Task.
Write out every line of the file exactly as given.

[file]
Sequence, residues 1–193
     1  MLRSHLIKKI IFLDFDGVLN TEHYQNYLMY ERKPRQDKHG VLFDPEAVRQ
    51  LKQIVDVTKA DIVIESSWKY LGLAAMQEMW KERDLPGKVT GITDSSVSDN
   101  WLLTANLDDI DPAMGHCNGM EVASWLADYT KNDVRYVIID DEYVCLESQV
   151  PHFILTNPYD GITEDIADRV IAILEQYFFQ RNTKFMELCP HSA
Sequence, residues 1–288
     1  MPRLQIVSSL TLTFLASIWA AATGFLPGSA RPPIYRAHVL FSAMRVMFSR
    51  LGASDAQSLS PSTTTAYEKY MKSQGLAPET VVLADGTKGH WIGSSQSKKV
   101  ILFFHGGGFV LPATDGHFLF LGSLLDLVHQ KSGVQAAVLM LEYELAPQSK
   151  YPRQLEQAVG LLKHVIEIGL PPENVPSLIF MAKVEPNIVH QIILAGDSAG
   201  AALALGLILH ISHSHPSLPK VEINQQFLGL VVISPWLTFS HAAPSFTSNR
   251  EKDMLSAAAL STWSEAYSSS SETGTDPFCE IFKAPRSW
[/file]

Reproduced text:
Sequence, residues 1–193
     1  MLRSHLIKKI IFLDFDGVLN TEHYQNYLMY ERKPRQDKHG VLFDPEAVRQ
    51  LKQIVDVTKA DIVIESSWKY LGLAAMQEMW KERDLPGKVT GITDSSVSDN
   101  WLLTANLDDI DPAMGHCNGM EVASWLADYT KNDVRYVIID DEYVCLESQV
   151  PHFILTNPYD GITEDIADRV IAILEQYFFQ RNTKFMELCP HSA
Sequence, residues 1–288
     1  MPRLQIVSSL TLTFLASIWA AATGFLPGSA RPPIYRAHVL FSAMRVMFSR
    51  LGASDAQSLS PSTTTAYEKY MKSQGLAPET VVLADGTKGH WIGSSQSKKV
   101  ILFFHGGGFV LPATDGHFLF LGSLLDLVHQ KSGVQAAVLM LEYELAPQSK
   151  YPRQLEQAVG LLKHVIEIGL PPENVPSLIF MAKVEPNIVH QIILAGDSAG
   201  AALALGLILH ISHSHPSLPK VEINQQFLGL VVISPWLTFS HAAPSFTSNR
   251  EKDMLSAAAL STWSEAYSSS SETGTDPFCE IFKAPRSW